As an example, you may decide to have a very personal relationship. Perhaps you choose to set up a support site to help customers in need, or you decide that your salespeople will call the customer every quarter to make sure they are alright. You could also decide to be more hands-on and really help your customers implement your solution step by step. 

On the other hand, you could also choose to have a less personal connection with your customers. In this model, your customers may have to implement the solution themselves and you only offer support via chat.

No matter what you decide to do, make sure it is a good fit for your strategy.

5. Key activities

Your focus and your message are established, which is great, and now you need action.

Create a plan and list what your key activities will be.

Ask yourself: What key activities does your sales strategy require? Are there key activities missing? What key activities do your customer relationships require? What activities do you need from your marketing, product development, and service departments to help you close deals? What activities will you hold to reach customers? How will you make them interested in your product?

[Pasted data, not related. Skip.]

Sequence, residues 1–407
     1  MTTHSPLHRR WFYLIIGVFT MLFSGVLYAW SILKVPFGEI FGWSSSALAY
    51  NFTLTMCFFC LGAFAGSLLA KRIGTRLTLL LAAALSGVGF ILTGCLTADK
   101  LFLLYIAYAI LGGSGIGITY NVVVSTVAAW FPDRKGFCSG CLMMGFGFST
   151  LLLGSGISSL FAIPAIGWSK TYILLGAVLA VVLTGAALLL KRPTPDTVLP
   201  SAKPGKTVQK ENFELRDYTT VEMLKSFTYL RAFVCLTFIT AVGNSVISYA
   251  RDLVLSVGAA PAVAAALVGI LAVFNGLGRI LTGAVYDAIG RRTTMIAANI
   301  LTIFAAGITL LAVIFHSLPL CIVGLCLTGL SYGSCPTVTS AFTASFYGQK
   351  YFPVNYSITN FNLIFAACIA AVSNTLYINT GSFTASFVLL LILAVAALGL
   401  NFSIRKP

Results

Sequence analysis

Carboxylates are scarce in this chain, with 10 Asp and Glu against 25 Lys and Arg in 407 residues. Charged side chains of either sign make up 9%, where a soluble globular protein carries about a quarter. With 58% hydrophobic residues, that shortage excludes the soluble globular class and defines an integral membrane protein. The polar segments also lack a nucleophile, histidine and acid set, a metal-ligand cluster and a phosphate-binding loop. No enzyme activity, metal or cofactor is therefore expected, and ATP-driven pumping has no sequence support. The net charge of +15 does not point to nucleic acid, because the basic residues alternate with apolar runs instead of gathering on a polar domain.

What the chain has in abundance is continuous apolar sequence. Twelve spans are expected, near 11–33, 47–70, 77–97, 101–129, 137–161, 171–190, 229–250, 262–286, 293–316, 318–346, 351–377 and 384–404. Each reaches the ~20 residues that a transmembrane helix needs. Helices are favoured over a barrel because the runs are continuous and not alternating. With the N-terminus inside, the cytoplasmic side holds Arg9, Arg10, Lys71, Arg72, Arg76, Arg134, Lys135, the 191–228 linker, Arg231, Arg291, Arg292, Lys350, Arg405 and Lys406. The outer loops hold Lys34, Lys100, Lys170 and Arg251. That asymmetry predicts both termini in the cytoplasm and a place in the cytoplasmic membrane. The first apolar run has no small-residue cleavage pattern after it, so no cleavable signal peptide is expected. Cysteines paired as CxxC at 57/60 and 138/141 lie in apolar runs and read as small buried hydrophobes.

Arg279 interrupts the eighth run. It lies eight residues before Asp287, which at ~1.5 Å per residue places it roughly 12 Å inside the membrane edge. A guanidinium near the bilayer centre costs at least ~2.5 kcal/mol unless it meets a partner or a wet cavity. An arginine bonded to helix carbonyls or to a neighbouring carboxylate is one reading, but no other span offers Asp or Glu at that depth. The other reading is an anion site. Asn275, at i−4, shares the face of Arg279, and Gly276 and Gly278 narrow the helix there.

Some activities may be one-off projects such as creating improved onboarding instructions, while others can be more long-term and continuous such as setting up how your salespeople will follow up with customers every quarter to check in to see how they are doing. 

Your sales strategy doesn’t run itself and you need to make sure that all your activities are listed and there is a plan to have it all working.

6. Key resources

Every great plan needs resources in the form of money, time, competent people and so on. Your plan is no different. Ask yourself what key resources does your sales strategy require. List the resources you need to be successful. Are there resources missing? If anything is missing, create a plan outlining how you should get them.